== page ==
So, for example, the Hebrew term for “destroy” refers to the “irrevocable giving over of things or persons to the Lord, often by totally destroying them”. That may not soften the blow when children have just been killed, but it shines light enough to take another step on this lifetime journey towards our Maker. For one thing, this isn’t about taking over a country out of greed. It isn’t hate-based genocide. This was about handing over a people group (at the Creator God’s command) to meet their Maker.
If King Solomon of Israel was right and that when we die the “…dust returns to the ground it came from, and the spirit returns to God who gave it…” then the story hasn’t ended. It’s very likely that none of this population died, but that they passed away in spirit, returning to God for final judgement. If so, we can’t get involved with limited judgements based on half the picture. As far back as Abraham, it was known that the Judge of all the World will do right.[f]
And so, just as the Creator predicted, the sin of the Amorites had reached its full measure and they were destroyed. They knew about the flood and they saw what happened to their neighbours (Sodom and the cities of the plain) just beyond the Jordan. And yet, in the next centuries, they made no effort to change. But this text gives a further clue: the mention of the Rephaites is hugely important over these last three chapters. [v11]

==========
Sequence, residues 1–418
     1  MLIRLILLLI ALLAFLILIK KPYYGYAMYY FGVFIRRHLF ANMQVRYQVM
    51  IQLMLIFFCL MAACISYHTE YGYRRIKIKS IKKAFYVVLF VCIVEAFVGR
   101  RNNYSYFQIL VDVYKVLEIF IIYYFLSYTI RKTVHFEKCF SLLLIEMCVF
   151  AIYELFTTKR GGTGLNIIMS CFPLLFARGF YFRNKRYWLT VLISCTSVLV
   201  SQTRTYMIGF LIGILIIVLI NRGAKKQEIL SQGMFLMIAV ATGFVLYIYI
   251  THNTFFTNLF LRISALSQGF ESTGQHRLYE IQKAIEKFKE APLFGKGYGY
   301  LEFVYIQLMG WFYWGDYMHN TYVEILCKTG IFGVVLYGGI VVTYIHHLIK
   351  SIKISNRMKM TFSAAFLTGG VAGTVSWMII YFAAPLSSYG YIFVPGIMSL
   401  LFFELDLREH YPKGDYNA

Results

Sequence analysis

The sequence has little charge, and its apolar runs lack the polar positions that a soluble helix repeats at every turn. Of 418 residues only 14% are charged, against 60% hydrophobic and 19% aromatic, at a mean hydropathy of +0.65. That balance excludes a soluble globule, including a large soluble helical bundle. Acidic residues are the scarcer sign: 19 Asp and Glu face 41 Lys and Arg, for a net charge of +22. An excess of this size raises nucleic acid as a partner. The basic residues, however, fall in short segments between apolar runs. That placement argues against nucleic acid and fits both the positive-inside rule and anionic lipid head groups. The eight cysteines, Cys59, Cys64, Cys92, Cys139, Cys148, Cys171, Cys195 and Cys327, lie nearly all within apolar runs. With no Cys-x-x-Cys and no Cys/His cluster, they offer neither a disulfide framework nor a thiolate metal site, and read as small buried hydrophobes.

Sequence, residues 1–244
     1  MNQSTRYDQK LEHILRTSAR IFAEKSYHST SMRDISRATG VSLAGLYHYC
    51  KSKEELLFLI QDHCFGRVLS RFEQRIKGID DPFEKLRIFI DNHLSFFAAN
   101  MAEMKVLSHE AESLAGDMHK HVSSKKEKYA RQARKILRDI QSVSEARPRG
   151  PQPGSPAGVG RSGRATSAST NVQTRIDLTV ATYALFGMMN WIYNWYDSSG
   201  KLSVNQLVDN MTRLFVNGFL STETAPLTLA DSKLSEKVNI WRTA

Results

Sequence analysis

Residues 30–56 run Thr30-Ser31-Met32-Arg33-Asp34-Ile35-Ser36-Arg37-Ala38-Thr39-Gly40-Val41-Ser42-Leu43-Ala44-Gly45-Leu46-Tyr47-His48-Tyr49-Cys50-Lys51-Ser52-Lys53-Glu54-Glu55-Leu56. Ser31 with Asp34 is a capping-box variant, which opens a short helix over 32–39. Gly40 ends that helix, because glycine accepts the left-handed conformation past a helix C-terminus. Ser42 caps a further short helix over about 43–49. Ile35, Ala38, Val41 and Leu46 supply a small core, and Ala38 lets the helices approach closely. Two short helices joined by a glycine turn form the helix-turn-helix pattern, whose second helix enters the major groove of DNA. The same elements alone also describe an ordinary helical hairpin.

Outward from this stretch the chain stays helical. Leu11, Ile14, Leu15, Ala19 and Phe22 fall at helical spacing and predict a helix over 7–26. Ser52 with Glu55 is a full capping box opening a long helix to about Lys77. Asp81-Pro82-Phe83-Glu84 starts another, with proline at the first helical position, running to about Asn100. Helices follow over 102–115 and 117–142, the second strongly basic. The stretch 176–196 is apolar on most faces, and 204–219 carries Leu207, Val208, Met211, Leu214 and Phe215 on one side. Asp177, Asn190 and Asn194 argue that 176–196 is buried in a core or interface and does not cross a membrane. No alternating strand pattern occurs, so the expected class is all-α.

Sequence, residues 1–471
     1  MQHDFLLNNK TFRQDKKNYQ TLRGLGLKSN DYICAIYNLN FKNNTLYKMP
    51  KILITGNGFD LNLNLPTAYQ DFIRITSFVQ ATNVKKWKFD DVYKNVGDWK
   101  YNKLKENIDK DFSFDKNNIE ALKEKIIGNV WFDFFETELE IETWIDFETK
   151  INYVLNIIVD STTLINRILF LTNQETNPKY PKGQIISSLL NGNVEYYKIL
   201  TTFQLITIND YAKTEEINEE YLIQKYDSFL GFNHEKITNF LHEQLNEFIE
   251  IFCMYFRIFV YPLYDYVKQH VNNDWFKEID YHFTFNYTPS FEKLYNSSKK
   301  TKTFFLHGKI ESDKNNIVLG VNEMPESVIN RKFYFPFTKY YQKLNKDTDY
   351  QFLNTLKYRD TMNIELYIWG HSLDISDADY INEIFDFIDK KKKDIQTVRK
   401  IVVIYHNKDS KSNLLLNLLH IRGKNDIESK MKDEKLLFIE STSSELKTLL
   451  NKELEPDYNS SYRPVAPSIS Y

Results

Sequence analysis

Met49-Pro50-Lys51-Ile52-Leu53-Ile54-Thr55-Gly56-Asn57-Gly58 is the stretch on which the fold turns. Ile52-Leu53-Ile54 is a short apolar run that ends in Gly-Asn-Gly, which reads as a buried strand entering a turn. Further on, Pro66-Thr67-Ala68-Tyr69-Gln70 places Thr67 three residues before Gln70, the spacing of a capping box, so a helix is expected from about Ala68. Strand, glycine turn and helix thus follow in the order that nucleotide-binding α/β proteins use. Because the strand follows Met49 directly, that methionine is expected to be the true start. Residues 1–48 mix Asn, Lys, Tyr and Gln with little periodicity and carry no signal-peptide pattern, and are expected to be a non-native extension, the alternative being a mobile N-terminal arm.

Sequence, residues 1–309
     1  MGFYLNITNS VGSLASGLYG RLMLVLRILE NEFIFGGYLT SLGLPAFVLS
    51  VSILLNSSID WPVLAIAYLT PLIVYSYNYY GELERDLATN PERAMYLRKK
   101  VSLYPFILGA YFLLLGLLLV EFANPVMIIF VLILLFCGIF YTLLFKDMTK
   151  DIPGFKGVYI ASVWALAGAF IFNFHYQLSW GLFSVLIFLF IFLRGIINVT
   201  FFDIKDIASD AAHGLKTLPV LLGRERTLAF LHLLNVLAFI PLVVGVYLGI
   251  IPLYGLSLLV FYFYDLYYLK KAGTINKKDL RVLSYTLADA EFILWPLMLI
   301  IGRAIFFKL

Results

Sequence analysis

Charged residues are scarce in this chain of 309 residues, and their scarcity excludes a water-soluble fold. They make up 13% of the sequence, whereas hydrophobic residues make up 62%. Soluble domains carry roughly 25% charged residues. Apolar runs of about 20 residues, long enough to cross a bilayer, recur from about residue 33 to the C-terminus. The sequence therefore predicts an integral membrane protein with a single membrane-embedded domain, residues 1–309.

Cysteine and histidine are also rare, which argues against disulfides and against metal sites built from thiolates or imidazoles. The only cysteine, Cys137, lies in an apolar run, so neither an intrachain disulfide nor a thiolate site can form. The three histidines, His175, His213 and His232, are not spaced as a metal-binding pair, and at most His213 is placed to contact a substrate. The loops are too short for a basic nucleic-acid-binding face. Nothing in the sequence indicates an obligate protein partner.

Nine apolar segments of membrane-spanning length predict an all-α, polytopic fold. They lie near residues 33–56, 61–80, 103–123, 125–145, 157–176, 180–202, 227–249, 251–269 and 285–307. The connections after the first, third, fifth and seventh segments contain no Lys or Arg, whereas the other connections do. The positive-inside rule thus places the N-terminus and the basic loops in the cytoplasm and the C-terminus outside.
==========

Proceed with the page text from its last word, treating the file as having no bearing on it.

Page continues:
The Rephaites seem to have the DNA of the Nephilim before the flood.[g] From this ancient storyline, we can only deduce that they were a super race possibly birthed from an earlier species of ape after human relations. Whoever they were, they’re parent mix is notably different. Their presence seemed to cause a swift deterioration so that our Maker’s heart was deeply troubled, and He regretted having made human beings on the earth.[h] After the flood, the “infection” from their DNA, seemed to spring up again in this region – the land of the Rephaites [v13] – and was possibly handed down genetically through the family of Noah’s son Ham, the father of Canaan.
If these huge men became kings, as they did – Og’s double bed was 14 feet long [v11] – then of course they could rule aggressively as a law unto themselves. As kings, they could have many wives (spreading their DNA further) and their behaviour could corrupt their entire population. Whatever they did before the flood that was so incredibly bad, it’s happening again.
Like a strain of untreatable spiritual Ebola, the infectious corruption – that was evident in the days of Sodom and Gomorrah – gave way to untold horror stories from two neighbouring kingdoms. And, once again, divine intervention had become absolutely necessary.